The Graffiti Hotline Committee formed in 1995 when PCA business leaders saw a rise in graffiti throughout the city and recognized its negative impact on economic investment. Over the years, the Committee developed a direct relationship with the Phoenix Police Department and Maricopa County officials in promoting awareness and coordinating rewards. By 2016 $278,000 in rewards were distributed from RICO Community Grants and Block Watch grant funding, which empowered non-profits and the community to fight crime.
The focus was to hand out reward money to entice people to turn in vandals when they see them. It created more awareness of graffiti, how bad it was, and how much money everybody was spending to remove it.
When Mo [Stein] became Chair, he invited me to be his Vice Chair. It was nice to be recognized. He said nice things about me about being the “guy on the ground,” which was definitely true.
The Graffiti Hotline Committee was sunset in 2018.
Q: To Members who may not know you were a player in Downtown’s revitalization, you are immediately recognized as the PCA luminary in the red cashmere sports coat during the Annual Member Meeting. What’s the jacket’s backstory?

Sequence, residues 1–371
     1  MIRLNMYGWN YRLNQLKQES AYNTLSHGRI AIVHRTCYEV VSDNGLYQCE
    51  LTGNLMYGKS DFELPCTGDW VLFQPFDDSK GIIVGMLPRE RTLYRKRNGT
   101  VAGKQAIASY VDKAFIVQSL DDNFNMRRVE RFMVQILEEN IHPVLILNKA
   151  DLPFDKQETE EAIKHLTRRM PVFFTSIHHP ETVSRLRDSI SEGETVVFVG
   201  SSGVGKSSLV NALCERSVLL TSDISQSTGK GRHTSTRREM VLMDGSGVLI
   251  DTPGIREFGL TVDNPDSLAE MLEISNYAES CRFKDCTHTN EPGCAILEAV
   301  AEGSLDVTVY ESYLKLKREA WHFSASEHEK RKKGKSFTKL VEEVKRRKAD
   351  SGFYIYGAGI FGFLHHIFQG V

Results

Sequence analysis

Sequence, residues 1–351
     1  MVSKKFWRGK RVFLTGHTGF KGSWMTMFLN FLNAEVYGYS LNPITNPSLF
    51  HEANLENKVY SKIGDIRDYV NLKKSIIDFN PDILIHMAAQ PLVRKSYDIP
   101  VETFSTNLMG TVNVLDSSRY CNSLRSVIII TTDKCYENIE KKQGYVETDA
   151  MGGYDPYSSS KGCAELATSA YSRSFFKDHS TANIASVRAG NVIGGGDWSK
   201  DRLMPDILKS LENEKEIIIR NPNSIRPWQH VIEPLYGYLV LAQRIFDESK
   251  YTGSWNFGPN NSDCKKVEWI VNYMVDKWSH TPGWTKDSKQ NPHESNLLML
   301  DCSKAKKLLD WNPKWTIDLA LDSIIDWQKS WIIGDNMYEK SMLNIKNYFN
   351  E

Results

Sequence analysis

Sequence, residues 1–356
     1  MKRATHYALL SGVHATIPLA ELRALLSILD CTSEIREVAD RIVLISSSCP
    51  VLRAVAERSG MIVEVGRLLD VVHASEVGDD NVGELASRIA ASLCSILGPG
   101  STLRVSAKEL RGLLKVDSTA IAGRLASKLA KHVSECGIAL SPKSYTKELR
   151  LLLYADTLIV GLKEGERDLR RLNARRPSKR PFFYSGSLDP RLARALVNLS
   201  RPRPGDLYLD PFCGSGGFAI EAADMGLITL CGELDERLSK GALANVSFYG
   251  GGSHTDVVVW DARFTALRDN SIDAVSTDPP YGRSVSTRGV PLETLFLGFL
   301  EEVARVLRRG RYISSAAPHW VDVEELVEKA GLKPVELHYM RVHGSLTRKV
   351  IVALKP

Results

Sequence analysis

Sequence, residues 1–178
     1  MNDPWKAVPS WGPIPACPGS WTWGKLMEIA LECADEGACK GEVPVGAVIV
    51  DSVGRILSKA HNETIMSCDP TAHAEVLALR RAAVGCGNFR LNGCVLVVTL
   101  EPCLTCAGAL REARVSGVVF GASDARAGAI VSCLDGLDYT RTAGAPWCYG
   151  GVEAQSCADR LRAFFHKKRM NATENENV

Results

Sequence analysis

Schneider: It’s at least 15 years old. I was walking past a men’s store called The Clotherie at the Biltmore, and they had this red jacket hanging in the window. It was Christmas time, and being a University of Utah alumni, I decided I could get a lot of use out of a red jacket. It’s cashmere – the most expensive piece of clothing I have ever bought! But every time someone compliments it, I say, “That’s worth a hundred bucks.” So I amortized it pretty quickly.
What was supposed to be a ten-year expedition to bring the cool and funkiness of Seattle to the Southwest transformed into an ongoing association with PCA.
Schneider finds a new status as an elder statesman with the organization and area he’s helped shape. The “guy on the ground” in Downtown embraces his status as the person to answer historical questions with years of context – but also acknowledges emerging leadership and changemakers at the Center City Awards.